In the bottom of my nine-year-old son’s chest of drawers nestles a tiny pair of newborn-size bootees.
He doesn’t need them, of course – not now he’s nine-going-on-19 and wearing a size five. But they’re there, nonetheless. Dusty and ancient-looking.
In my daughter’s room, beneath the pile of her dressing up clothes, sits a bag of old babygrows. One is a reindeer outfit from her first Christmas with an impossibly small pair of scratch mitts that look more suited to a kitten.
My children will never need these things again. None of my family is my pregnant or in need of hand-me-down baby clothes.
Yet I hoard them, because I simply can’t let them go.
I’m of the view that I’m trying to freeze time. That there’s some deep, inner fear that believes if I discard these things, I’m saying goodbye to my children as babies.
The babyhood mementos get stranger. My fingers will occasionally brush against my son’s first milk tooth, blood and gore still attached, as I reach into my jewellery box for a necklace.
My husband thinks I’m mad. “Why on earth do you hang on to these things?” he asks, adding with a shudder: “Especially that vile, blood-stained tooth!”
“I don’t know,” I answer.
It doesn’t end there. I’ve got finger-paint creations by the sack-load stashed away, collages made from fragments of wool, Easter baskets complete with eggs made at nursery school. There’s even a tin containing a solitary biscuit baked by my son at the age of six, now sporting some fetching decorative mould. Then there are the two hospital-issue ankle bands from my children’s births.
When I showed my son his tooth, he recoiled and jumped across the room. “That’s absolutely disgusting!” he shrieked.
I’m not a hoarder by nature, honestly. I hate clutter and find it easy to throw out my own things. I regularly dash to the charity shop with another sack of clothes I no longer wear. Once I even lived out of a suitcase for around two years in Italy, never buying anything new. I loved the liberation – it felt like true freedom.
So why is it so hard to get rid of anything connected to the children?
Sometimes I display, proudly, the items I’ve got hidden away. When I showed my son his tooth, he recoiled and jumped across the room.
“That’s absolutely disgusting!” he shrieked. “But it’s your tooth!” I retorted, indignantly. “Chuck it,” he said as he ran away.
My daughter, on the other hand, likes the fact I keep her babygrows and first dress-up outfits. She often tries – in vain – to fit into them again.
I’ll find a tiny pair of socks, or a touch-and-feel baby book, and I’m lost. I stop what I’m doing and start to reminisce.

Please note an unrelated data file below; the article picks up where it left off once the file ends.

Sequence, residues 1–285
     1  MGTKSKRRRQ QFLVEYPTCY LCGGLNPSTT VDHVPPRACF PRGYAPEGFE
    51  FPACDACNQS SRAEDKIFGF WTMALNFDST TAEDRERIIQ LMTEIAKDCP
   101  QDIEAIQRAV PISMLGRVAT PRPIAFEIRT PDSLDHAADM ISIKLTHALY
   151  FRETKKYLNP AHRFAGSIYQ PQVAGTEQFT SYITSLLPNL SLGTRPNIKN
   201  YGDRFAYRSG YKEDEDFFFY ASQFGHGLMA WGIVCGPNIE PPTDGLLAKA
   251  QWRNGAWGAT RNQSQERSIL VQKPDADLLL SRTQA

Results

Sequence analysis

On my cooler-headed, sensible days, I tell myself it’s time to clear the house of these pointless items. I’ll grab a few refuse sacks, march upstairs and vow to get cracking. I will discard it all with heartless, cold, calculated abandon.
Then I’ll find a tiny pair of socks, or a touch-and-feel baby book, and I’m lost. I stop what I’m doing and start to reminisce. The book reminds me of their toddlerhood. We’d read and point, them sitting on my lap as I breathed in the scent of their downy little heads. Or they’d pull the socks off and crawl away, giggling, knowing I’d give chase and wriggle the tiny tubes back onto their feet.
That time has vanished, never to return.
So is it a kind of grief, a lament to the loss of those early years? Is that why it’s so hard to let go?
In a psychological study by Barbara Phillips and Trina Sego, called The Role of Identity in Disposal: Lessons from Mothers’ Disposal of Children’s Possessions, the authors distinguished between two types of mothers – ‘keepers’ and ‘discarders’.
The keepers, they concluded, found it hard to dispose of their children’s belongings because of the meaning attached to them. They would delay discarding the items for as long as possible, while the discarders felt ‘weaker ties’.
It’s official. I’m a keeper. That sounds nicer and more positive than ‘hoarder’ or, even worse, ‘slob’.
Both groups felt guilt about their decisions; the keepers because they felt pressure to be organised, and the discarders because of society’s pressure on mothers to feel attached to items that represent their child’s identity.
So, it’s official. I’m a keeper. That sounds nicer and more positive than ‘hoarder’ or, even worse, ‘slob’.
I’ve tried to throw stuff out – really I have. After all, one finger-paint creation looks much the same as the next.
But I have a niggling worry. If I throw them out, will I long to see them again when I’m older? Will I forget just how small and innocent those children once were? Is that why I cling to all those scraps of paper, tiny shoes and gory teeth? Am I trying to freeze time?
Friends’ opinions are divided.
“I throw most of my daughter’s drawings straight in the bin,” admitted one. “I only keep a few good ones.”
Another was more like me, stashing paintings, drawings, creations and clay oddities in the loft. “‘I don’t look at them and certainly wouldn’t grab them in a house fire,” she said. “It’s just habit, really.”
Is it? I’m more of the view that I’m trying to freeze time. That there’s some deep, inner fear that believes if I discard these things, I’m saying goodbye to my children as babies.
So, for now, I’ll keep hold of the bootees, babygrows, drawings and yes, that blood-covered milk tooth.
I know one day a clear-out is inevitable – who knows, maybe a future house-move will be the kick-start I need? Or maybe, one day, my son and daughter might want to show these precious souvenirs to their own children, to prove that they were once tiny too…